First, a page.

Early detection of Parkinson’s by saliva test

According to studies published in Movement Disorders, salivary gland testing can be a new way to diagnose Parkinson’s early.

The Parkinson’s Disease Center (PDF) reported one million Americans with Parkinson’s disease, saying that 60,000 new cases are diagnosed each year, and yet thousands are unknown. (Shargh Newspaper: This figure is about 150,000 in Iran.)

Parkinson’s usually occurs in the elderly, but in 4% of cases, it can be diagnosed before the age of 50. Men are one and a half times more likely to get the disease than women.

These destructive neurological disorders affect movement, sleep, walking, balance, blood pressure , and sense of smell . There is no cure for this disease but medications can relieve the symptoms.

The first and most well-known symptom of this disease is hand tremors. One of the possible events is stiffness or slowness in movement that gets worse over time.

No test has been able to accurately diagnose the disease. Current diagnoses are based entirely on medical history, signs and symptoms, neurological tests, and other possibilities.

Sampling of the submandibular salivary gland can lead to early diagnosis

The researchers found that in 45% of cases, a misdiagnosis was made in the early stages, so they looked for a way called “superficial salivary gland biopsy” to get a definitive answer.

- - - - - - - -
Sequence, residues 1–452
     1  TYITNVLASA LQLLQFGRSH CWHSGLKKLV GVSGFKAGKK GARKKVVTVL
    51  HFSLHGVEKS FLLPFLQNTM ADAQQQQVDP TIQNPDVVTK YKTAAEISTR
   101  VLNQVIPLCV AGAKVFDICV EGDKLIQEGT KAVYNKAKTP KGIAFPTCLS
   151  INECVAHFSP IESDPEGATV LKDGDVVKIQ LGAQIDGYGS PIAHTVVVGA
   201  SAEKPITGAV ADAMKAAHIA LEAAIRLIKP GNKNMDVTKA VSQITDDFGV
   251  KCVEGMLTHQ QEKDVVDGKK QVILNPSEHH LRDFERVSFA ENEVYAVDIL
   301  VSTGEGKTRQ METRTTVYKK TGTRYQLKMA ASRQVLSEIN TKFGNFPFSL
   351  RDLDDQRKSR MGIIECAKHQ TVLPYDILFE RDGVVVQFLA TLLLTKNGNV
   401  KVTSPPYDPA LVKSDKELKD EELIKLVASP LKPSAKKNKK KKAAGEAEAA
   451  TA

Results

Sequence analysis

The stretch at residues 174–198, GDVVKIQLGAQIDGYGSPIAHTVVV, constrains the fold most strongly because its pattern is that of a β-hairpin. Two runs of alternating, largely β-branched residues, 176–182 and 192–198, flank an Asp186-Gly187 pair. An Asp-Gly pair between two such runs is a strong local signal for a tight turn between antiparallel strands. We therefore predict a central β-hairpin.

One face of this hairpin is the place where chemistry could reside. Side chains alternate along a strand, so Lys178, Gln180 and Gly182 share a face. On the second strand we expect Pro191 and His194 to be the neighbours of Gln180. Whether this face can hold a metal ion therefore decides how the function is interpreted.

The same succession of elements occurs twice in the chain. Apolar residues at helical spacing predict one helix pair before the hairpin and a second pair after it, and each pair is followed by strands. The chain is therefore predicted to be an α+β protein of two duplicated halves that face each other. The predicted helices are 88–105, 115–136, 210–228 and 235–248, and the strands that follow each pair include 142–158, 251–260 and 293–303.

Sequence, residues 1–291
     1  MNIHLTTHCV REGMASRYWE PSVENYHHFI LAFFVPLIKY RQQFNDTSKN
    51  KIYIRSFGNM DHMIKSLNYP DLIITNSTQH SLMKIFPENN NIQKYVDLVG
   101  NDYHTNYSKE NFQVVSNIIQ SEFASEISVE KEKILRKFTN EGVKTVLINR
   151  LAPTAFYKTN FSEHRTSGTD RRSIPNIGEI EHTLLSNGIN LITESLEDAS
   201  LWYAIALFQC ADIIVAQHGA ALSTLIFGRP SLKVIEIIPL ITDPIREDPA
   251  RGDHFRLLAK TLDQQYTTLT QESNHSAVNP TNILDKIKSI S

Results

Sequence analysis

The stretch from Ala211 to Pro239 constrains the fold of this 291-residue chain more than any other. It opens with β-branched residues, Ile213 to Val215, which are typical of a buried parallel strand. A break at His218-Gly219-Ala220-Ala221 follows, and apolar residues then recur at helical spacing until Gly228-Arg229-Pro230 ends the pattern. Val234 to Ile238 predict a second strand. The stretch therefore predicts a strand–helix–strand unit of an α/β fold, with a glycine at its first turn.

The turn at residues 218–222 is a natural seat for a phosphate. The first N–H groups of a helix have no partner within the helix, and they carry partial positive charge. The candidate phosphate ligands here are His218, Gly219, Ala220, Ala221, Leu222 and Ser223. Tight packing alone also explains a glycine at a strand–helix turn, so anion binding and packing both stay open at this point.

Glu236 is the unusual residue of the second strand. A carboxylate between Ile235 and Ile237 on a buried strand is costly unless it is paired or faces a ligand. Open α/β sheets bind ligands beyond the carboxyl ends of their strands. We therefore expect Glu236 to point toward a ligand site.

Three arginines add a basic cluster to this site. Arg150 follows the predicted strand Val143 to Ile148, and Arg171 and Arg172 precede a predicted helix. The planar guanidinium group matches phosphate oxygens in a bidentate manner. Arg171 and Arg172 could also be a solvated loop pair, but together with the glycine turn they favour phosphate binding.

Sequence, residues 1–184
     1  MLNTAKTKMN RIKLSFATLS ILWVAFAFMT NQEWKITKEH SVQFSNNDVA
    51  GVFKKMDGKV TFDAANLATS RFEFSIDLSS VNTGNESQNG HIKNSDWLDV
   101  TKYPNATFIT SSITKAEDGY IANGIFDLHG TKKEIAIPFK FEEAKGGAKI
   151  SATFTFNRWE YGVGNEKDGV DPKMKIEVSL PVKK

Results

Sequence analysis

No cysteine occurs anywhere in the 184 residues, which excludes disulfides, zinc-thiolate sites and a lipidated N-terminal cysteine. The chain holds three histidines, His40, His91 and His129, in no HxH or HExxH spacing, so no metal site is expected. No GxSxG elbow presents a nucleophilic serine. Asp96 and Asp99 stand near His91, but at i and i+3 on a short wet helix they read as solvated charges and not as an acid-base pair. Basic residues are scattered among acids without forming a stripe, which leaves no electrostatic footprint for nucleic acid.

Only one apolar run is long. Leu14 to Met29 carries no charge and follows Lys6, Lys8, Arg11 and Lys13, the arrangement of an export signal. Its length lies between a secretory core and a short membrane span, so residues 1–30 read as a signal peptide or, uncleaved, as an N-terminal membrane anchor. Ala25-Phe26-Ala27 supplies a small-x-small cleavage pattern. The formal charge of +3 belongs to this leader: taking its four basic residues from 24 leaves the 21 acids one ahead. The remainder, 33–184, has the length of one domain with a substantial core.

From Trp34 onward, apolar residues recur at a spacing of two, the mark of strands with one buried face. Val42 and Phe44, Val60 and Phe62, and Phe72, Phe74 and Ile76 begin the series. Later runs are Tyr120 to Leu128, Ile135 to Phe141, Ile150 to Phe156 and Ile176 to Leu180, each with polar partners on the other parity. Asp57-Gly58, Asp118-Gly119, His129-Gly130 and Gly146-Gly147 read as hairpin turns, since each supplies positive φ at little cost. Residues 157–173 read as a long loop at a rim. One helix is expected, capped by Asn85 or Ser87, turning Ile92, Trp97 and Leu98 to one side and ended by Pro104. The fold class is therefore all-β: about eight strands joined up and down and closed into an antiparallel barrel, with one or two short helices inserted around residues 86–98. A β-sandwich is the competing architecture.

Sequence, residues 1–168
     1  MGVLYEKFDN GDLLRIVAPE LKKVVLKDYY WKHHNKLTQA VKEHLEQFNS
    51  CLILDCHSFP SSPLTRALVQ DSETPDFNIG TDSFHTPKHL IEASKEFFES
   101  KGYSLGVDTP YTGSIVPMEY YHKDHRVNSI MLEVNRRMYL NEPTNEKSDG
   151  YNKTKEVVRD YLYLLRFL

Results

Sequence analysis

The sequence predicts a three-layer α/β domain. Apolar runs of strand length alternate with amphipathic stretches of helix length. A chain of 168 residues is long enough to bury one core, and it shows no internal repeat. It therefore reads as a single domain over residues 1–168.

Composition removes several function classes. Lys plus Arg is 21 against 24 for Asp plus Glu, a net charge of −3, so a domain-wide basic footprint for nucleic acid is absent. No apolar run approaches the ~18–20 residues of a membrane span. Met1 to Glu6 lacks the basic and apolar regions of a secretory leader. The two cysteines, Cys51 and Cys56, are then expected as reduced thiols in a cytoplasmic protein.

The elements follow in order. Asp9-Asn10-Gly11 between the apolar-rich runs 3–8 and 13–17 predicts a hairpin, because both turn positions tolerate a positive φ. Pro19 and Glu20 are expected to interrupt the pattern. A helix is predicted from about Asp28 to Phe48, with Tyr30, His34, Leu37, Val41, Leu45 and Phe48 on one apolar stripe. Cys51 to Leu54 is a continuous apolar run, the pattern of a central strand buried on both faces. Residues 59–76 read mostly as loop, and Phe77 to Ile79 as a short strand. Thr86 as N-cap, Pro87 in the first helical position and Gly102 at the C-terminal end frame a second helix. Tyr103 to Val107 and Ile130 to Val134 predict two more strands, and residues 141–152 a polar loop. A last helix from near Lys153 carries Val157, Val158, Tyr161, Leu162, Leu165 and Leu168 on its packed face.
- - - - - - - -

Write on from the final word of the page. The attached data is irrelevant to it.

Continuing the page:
In this way, part of the gland nucleus is removed by dipping a needle into the submandibular salivary gland.

The scientists looked for a protein in the cells to detect Parkinson’s in the early stages, and tested samples of one of the glands for this purpose, and the efficiency of the tests they performed on the samples in detecting unusual proteins in 9 out of 12 patients. Patients with advanced Parkinson’s ‌ observed.

The new study included 25 patients with Parkinson’s less than 5 years old and 10 healthy people. Of these 25 patients, 19 had good tissue to be examined, and the researchers looked for Parkinson’s protein in a sample taken and then compared their results with healthy people.

The protein was found in 14 of 19 patients.

The researchers added:

This will allow a much more accurate diagnosis of Parkinson’s disease than is currently possible. One of the biggest possible effects of these findings will be on medical tests. Currently, some people who go to Parkinson’s treatment centers do not have Parkinson’s, and the misconception that they have Parkinson’s does not allow them to suspect other illnesses.

Even for patients who actually have Parkinson’s, using a submandibular salivary gland sampling test can be very helpful because tests taken at an early stage can no longer be relied upon, and more accurate results can be found in tests 10 years after the disease has developed. Will be displayed.

The research team hopes to gain a better understanding of the disease and find better treatments.